A judge cleared the way for gay marriage to begin Wednesday in Connecticut, a victory for advocates stung by California's referendum that banned same-sex unions in that state.
Outside City Hall in New Haven, bubbles and white balloons bounced in the chilly autumn air as well-wishers cheered the marriage of Peg Oliveira and Jennifer Vickery .
Despite the roaring traffic and clicking cameras, "it was surprisingly quiet," Oliveira said after the brief ceremony. "Everything else dissolved, and it was just the two of us. It was so much more personal and powerful in us committing to one another, and so much less about the people around us."
Gay marriage is legal now only in Connecticut and Massachusetts. The unions were legal in California until a statewide referendum to ban gay marriage narrowly passed last week. The vote has sparked protests and several lawsuits asking that state's Supreme Court to overturn the prohibition.
Gay marriage advocates said they were planning nationwide demonstrations this weekend in more than 175 cities and outside the U.S. Capitol. A Seattle blogger was trying to organize simultaneous protests outside statehouses and city halls in every state Saturday.
In New York City, several hundred demonstrators gathered Wednesday outside a Mormon Temple to protest the church's endorsement of the same-sex marriage ban in California. Several people held signs asking "Did you cast a ballot or a stone?" while other signs read "Love not H8."
"We're not trying to convey an image of persecution, we're not trying to attack any specific group," said Ryan McNeely, an organizer for the Join the Impact protest movement. "The point we need to be making is that we need to bring everybody together and to respect each other, and that hate breeds hate."
Gay rights groups said Wednesday they plan to ask California voters to overturn the ban if legal challenges to Proposition 8 are unsuccessful.
Constitutional amendments to ban gay marriage also passed last week in Arizona and Florida, and Arkansas voters approved a measure banning unmarried couples from serving as adoptive or foster parents.
Gay rights advocates are citing Massachusetts as an example at planned rallies this weekend to demonstrate why gay marriage is beneficial to families and children.
"In Massachusetts, in particular, we have a great story to tell, a great story to tell about marriage equality, that it works and that it's good," said Marc Solomon, executive director of MassEquality.
Kris Mineau of the Massachusetts Family Institute, which opposes gay marriage, said planned and past protests, some of which have been angry in tone and targeted churches, are meant to intimidate the California high court into invalidating Proposition 8.
"We are a nation that goes by the rule of law," he said. "No court should ever be intimidated by mob rule. And that's what our opponents right now are trying to do."
The California vote has sparked protests and several lawsuits asking that state's Supreme Court to overturn the prohibition.
Activists also are aiming boycotts and protests at businesses and individuals who contributed to the campaign to pass Proposition 8. Many of the donors are members of the Church of Jesus Christ of Latter-day Saints, which played a significant role in encouraging its members to support the California ban.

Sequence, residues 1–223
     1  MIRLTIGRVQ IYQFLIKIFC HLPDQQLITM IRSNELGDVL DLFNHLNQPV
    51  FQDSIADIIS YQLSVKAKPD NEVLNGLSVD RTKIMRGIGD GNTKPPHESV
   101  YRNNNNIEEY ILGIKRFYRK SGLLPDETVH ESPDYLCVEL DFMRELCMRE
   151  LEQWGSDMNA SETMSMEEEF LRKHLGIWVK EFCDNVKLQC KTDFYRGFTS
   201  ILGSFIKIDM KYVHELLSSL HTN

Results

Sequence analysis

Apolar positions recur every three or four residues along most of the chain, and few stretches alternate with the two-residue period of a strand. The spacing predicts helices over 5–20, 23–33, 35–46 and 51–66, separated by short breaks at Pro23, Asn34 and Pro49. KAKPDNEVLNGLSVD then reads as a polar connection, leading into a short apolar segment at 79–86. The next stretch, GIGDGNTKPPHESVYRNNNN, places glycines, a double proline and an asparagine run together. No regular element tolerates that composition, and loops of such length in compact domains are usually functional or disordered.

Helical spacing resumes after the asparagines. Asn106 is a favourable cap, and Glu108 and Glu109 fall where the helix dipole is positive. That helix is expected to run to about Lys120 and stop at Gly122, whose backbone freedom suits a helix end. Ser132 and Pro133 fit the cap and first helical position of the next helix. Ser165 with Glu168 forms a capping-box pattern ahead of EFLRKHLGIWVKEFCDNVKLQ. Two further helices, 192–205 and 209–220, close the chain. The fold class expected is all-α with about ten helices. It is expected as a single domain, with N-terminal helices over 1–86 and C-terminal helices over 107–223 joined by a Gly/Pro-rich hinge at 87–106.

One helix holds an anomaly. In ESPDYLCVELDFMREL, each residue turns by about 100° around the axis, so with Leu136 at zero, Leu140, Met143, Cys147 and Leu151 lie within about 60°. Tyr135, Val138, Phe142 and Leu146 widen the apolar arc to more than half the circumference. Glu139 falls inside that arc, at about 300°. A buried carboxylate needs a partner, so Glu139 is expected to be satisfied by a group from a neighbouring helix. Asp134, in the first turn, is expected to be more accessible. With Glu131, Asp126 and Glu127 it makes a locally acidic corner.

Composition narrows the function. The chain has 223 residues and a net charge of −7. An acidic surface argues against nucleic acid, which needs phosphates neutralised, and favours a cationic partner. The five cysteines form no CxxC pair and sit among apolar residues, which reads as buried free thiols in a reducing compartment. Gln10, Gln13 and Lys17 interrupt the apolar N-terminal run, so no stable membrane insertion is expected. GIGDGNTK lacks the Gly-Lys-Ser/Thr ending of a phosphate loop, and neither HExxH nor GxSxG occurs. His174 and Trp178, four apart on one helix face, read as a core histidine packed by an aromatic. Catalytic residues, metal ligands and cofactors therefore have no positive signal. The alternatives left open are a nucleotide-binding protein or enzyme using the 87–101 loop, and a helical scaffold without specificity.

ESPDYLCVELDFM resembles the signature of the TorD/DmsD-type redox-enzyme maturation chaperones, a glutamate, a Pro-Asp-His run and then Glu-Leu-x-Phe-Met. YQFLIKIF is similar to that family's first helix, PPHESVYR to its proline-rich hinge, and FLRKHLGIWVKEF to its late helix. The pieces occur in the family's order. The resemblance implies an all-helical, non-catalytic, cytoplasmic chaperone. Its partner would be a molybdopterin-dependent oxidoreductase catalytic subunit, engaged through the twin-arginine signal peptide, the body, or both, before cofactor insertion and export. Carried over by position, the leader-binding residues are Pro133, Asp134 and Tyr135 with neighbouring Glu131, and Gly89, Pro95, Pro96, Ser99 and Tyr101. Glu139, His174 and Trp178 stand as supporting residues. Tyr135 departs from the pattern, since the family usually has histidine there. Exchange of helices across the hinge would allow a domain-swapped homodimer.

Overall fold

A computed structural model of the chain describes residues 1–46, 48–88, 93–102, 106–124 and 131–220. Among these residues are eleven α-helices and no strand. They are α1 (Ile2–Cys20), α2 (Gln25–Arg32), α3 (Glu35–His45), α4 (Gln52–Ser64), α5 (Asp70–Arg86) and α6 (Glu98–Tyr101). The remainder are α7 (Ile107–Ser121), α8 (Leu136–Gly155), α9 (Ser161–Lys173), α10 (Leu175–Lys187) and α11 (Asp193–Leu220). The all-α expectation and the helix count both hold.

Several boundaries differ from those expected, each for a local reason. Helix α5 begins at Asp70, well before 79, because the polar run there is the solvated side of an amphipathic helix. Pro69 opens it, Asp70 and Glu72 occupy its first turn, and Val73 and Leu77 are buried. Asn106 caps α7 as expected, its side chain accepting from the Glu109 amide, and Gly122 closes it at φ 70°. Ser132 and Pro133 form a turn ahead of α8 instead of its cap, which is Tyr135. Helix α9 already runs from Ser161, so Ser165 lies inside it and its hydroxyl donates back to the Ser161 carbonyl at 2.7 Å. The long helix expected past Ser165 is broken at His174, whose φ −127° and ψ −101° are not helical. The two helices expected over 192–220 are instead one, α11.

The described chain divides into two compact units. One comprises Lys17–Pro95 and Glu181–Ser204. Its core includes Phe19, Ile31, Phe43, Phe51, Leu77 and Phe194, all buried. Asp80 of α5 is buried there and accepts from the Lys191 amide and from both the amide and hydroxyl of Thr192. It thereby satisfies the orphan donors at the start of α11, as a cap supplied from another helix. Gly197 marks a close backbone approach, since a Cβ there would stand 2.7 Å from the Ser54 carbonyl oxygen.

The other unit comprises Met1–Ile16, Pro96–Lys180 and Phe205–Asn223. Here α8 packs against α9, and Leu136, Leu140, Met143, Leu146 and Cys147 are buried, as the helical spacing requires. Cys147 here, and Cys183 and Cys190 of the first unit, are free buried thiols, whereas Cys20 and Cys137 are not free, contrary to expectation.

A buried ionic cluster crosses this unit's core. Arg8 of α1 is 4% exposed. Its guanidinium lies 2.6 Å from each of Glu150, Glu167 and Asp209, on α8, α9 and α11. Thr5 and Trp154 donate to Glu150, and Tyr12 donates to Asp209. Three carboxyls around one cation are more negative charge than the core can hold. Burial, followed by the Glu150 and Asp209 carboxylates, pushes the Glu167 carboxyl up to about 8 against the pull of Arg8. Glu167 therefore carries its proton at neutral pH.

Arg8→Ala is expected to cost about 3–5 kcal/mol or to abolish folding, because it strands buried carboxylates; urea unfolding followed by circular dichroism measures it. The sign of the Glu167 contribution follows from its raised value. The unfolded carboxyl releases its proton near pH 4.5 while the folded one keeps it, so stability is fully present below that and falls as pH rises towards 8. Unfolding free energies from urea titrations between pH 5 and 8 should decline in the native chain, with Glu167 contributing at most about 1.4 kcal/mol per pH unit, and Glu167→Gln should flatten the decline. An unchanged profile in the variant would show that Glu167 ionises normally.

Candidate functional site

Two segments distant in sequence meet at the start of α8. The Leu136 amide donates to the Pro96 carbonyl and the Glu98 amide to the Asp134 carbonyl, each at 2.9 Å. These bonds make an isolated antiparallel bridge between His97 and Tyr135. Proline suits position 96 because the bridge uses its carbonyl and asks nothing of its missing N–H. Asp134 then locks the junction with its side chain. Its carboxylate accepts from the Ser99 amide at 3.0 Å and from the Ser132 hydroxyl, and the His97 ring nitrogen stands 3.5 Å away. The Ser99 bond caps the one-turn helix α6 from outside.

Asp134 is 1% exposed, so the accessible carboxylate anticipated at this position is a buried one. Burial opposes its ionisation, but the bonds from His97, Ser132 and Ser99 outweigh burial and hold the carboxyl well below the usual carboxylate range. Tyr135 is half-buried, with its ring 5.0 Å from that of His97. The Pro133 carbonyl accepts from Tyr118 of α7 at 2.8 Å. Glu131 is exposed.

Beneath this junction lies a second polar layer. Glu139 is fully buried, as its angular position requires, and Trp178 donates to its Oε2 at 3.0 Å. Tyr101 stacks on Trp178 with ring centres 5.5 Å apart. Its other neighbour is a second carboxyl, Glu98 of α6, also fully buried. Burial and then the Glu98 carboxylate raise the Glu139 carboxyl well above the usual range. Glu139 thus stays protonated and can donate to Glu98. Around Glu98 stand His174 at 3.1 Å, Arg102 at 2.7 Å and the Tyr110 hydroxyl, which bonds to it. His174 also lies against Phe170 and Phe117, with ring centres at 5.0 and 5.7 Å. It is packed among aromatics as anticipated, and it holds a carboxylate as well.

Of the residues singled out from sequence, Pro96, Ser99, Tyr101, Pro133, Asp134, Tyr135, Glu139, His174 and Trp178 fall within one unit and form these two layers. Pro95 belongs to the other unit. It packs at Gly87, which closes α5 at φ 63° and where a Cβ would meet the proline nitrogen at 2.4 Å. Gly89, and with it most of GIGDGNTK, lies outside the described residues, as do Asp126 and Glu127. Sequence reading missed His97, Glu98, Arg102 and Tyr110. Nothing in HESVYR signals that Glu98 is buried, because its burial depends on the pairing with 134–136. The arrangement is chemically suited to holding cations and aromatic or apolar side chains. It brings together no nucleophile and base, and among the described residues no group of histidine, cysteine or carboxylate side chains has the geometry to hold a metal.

Mormon churches in several states have become the focus of protests and some vandalism since the vote.
Connecticut voters could have opened the door to ending gay marriage last week by voting for a constitutional convention to amend the state's constitution, but the measure failed.
The Connecticut Supreme Court ruled 4-3 on Oct. 10 that same-sex couples have the right to wed rather than accept a civil union law designed to give them the same rights as married couples.
Some of the eight couples who had challenged a state law prohibiting gay marriages last month wept as Judge Jonathan Silbert entered his judgment that opened the way to the issuance of licenses.
"Today, Connecticut sends a message of hope an inspiration to lesbian and gay people throughout this country who simply want to be treated as equal citizens by their government," said the plaintiff's attorney, Bennett Klein.
According to the state public health department, 2,032 civil union licenses were issued in Connecticut between October 2005 and July 2008.
But there was no comparison between civil unions and marriage for Robin Levine-Ritterman and Barbara Levine-Ritterman, who obtained a civil union in 2005 and were among eight same-sex couples who sued for the right to marry.
"We didn't do it with pride or joy," Barbara Levine-Ritterman said of getting the civil-union license. "It felt gritty to be in a separate line."
On Wednesday, however, she proudly held up the first same-sex marriage license issued in New Haven as about 100 people applauded outside City Hall. She and her betrothed, who held red roses, plan to marry in May.
"It's thrilling today," Barbara Levine-Ritterman said. "We are all in one line for one form. Love is love, and the state recognizes it."
Manchester Town Clerk Joseph Camposeo, president of the Connecticut Town Clerks Association, said clerks in the state's 169 communities were advised by e-mail shortly after 9:30 a.m. they could start issuing the licenses.